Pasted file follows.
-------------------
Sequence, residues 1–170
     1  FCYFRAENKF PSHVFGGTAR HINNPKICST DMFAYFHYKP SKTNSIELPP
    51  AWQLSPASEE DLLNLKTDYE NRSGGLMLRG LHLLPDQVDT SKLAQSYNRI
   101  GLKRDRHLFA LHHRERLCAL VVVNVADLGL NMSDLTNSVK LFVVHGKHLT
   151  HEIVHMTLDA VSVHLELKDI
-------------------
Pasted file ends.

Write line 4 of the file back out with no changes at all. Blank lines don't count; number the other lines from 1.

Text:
   101  GLKRDRHLFA LHHRERLCAL VVVNVADLGL NMSDLTNSVK LFVVHGKHLT